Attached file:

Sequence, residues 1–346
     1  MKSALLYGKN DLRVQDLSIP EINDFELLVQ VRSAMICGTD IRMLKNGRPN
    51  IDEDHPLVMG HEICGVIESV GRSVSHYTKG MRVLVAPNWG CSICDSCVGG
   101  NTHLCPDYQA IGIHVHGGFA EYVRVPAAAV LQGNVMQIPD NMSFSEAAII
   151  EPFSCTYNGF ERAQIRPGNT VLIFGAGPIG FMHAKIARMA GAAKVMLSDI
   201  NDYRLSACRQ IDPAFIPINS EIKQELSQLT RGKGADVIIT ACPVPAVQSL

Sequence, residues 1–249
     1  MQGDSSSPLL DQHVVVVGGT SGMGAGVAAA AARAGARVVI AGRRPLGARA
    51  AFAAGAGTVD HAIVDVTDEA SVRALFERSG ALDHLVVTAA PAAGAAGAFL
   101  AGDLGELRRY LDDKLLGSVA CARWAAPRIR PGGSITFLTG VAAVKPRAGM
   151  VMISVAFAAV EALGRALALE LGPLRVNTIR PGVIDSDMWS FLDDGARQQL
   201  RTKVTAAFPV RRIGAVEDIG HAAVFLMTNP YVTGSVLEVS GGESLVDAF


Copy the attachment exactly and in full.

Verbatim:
Sequence, residues 1–346
     1  MKSALLYGKN DLRVQDLSIP EINDFELLVQ VRSAMICGTD IRMLKNGRPN
    51  IDEDHPLVMG HEICGVIESV GRSVSHYTKG MRVLVAPNWG CSICDSCVGG
   101  NTHLCPDYQA IGIHVHGGFA EYVRVPAAAV LQGNVMQIPD NMSFSEAAII
   151  EPFSCTYNGF ERAQIRPGNT VLIFGAGPIG FMHAKIARMA GAAKVMLSDI
   201  NDYRLSACRQ IDPAFIPINS EIKQELSQLT RGKGADVIIT ACPVPAVQSL

Sequence, residues 1–249
     1  MQGDSSSPLL DQHVVVVGGT SGMGAGVAAA AARAGARVVI AGRRPLGARA
    51  AFAAGAGTVD HAIVDVTDEA SVRALFERSG ALDHLVVTAA PAAGAAGAFL
   101  AGDLGELRRY LDDKLLGSVA CARWAAPRIR PGGSITFLTG VAAVKPRAGM
   151  VMISVAFAAV EALGRALALE LGPLRVNTIR PGVIDSDMWS FLDDGARQQL
   201  RTKVTAAFPV RRIGAVEDIG HAAVFLMTNP YVTGSVLEVS GGESLVDAF